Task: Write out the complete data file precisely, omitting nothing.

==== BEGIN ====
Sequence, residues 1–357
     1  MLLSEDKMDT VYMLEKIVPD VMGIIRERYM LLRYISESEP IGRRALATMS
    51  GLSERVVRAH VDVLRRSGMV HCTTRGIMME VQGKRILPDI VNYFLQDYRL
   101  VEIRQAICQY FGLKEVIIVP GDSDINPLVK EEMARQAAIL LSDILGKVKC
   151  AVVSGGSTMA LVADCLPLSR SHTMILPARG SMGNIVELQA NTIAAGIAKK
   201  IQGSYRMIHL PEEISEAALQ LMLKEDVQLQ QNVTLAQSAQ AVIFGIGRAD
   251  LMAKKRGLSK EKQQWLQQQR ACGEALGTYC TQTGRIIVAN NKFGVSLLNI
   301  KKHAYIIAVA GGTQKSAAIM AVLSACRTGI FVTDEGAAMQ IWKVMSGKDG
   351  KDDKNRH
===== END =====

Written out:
Sequence, residues 1–357
     1  MLLSEDKMDT VYMLEKIVPD VMGIIRERYM LLRYISESEP IGRRALATMS
    51  GLSERVVRAH VDVLRRSGMV HCTTRGIMME VQGKRILPDI VNYFLQDYRL
   101  VEIRQAICQY FGLKEVIIVP GDSDINPLVK EEMARQAAIL LSDILGKVKC
   151  AVVSGGSTMA LVADCLPLSR SHTMILPARG SMGNIVELQA NTIAAGIAKK
   201  IQGSYRMIHL PEEISEAALQ LMLKEDVQLQ QNVTLAQSAQ AVIFGIGRAD
   251  LMAKKRGLSK EKQQWLQQQR ACGEALGTYC TQTGRIIVAN NKFGVSLLNI
   301  KKHAYIIAVA GGTQKSAAIM AVLSACRTGI FVTDEGAAMQ IWKVMSGKDG
   351  KDDKNRH